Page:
The Rise and Fall of New York's Most Feared Gangster
WHY YOU SHOULD CARE
Because even in the U.S., narco violence is very real.
By Seth Ferranti
When Howard “Pappy” Mason made bail, he formed an imaginary gun with his thumb and index finger, turned to the prosecutor and pulled the trigger. Which must have been worrisome, given that Pappy had just been freed by a hung jury in a murder trial in which he was accused of killing Lorenzo “Fat Cat” Nichols’ parole officer. The supposed motive? The parole officer had dared to send Nichols back to prison.
It was February 1988, and Pappy was ready to terrorize the streets of Queens again. But this time he would be out of jail for only 10 days — just long enough to orchestrate events that would shock the nation and kick the latest version of the war on drugs into gear.
Drinking a beer on a South Jamaica street corner, Pappy was confronted by an NYPD cop. “Do me a favor,” the officer said, “don’t drink beer in front of me.” The stunned Pappy asked, “Do you know who I am?” “Yeah, the guy who’s going to put his beer in a paper bag,” the officer answered. “Fuck you!” Pappy screamed, shoving the cop. After a brief melee, Pappy walked off in a rage, his beer spilled all over the sidewalk. “That cop has to die,” he muttered to himself, according to Cop Shot, by Mike McAlary. “He dissed me.”
A week later, Pappy was back at Rikers Island on a gun charge for the derringer he liked to keep in his boot. The cop he’d threatened was pulled off his beat after police received word that Pappy had instructed his underlings, members of a gang called the Bebos, to send a message to the NYPD. The announcement? That even from prison, Pappy was still giving the orders. He sent out a brief but chilling missive: “We lose one. They lose one.” Pappy wanted a cop hit, and his followers were more than willing to comply.
A lot of people thought he was crazy.… The way he talked, his whole swag, he was like a gangster god.
Char ’Shocker’ Davis
“He was feared, loved and respected,” says Char “Shocker” Davis, Pappy’s trusted lieutenant, who’s doing 405 months in federal prison for Bebo-related crimes. “A lot of people thought he was crazy.… The way he talked, his whole swag, he was like a gangster god.” But Pappy also instilled a sense of honor in his men, Davis says, by telling them not to sell to pregnant women, kids or elderly ladies.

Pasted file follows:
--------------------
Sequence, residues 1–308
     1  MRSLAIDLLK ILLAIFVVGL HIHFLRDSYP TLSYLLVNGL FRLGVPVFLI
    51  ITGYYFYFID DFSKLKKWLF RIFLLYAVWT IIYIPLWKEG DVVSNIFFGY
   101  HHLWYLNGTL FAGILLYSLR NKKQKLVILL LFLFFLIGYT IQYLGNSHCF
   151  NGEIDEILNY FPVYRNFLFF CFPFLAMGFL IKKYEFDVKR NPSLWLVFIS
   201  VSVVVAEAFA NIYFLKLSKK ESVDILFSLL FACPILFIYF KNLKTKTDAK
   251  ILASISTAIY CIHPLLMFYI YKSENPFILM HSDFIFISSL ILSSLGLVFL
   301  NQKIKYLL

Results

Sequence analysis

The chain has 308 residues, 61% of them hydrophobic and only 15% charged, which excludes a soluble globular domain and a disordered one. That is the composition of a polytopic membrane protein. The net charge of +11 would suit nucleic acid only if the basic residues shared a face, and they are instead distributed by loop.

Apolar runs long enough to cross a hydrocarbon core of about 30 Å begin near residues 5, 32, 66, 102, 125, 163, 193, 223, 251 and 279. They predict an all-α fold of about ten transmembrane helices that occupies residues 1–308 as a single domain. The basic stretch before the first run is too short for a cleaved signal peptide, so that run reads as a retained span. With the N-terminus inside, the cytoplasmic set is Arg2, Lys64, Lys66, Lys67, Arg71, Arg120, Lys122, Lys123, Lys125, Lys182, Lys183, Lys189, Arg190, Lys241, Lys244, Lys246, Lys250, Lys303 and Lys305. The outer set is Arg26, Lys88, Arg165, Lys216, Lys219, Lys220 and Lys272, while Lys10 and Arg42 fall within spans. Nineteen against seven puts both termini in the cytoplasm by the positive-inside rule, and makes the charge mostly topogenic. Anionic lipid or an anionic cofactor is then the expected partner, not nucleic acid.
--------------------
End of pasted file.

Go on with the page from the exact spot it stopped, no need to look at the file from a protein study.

But the hip-hop hustler who got his start as Fat Cat’s enforcer before forming his own crew was a loose cannon. He hated cops, rebelled against authority and was prone to violence. When the South Jamaica crack wars turned New York City into a killing field, Pappy held court in the streets and reigned supreme. He was the crazy guy that other crazy guys feared, and the baddest man on the block. Simply put, Pappy was one of the most feared men in the city’s five boroughs and had even become a part of gangster rap’s lyrical lore.
50 Cent immortalized Pappy in his 2001 song “Ghetto Qu’ran,” glorifying the cop killer who was convicted of ordering the murder of 22-year-old rookie police officer Edward Byrne. Byrne was shot five times in the head while sitting in his patrol car on Feb. 26, 1988, by four men who made good on Pappy’s homicidal jailhouse order.
Pappy’s Pablo Escobar–like narco-terrorism was meant to intimidate police and potential witnesses, but the cop killing had the opposite effect: It galvanized the NYPD and became a critical turning point in America’s war on drugs. As drug dealers became Public Enemy No. 1, the city’s law enforcement agencies formed a wide-ranging narcotic task force to take back the streets.
“He defied the police in the street. He defied them in jail,” says BC, a Queens native and former convict who prefers not to be named. “Some niggas don’t bend, they don’t move, they fight. It’s in the nature of a nigga like Pap.… He was crazy, but that don’t take nothing away from him.” BC notes how Pappy inspired love and respect in some: “His influence was so strong. He was a big presence in Queens.”
Pappy’s lawyer entered an insanity plea on his client’s behalf at his November 1989 trial on federal racketeering and conspiracy charges related to the murder of Officer Byrne. But the judge wasn’t having it. Four men — the triggerman and three cohorts — had already been sentenced to 25-to-life in a separate state trial, and now the feds wanted the man who they said had given the order. Pappy’s disruptive courtroom antics — jumping up and doing pushups — got him banished from the proceedings. He listened to his own trial on a specially installed speaker system inside his cell.
After a two-week trial in the U.S. District Court in Brooklyn, the jury deliberated for 13 hours over the course of three days. Pappy was found guilty of 11 drug-related and conspiracy charges, including the murder of Officer Byrne. He’s currently serving a life sentence in Florence, Colorado.
The prosecution’s star witness, Viola Nichols — Fat Cat’s sister — told the court that Pappy had arranged the officer’s murder because another cop had “disrespected” him for drinking beer in public.
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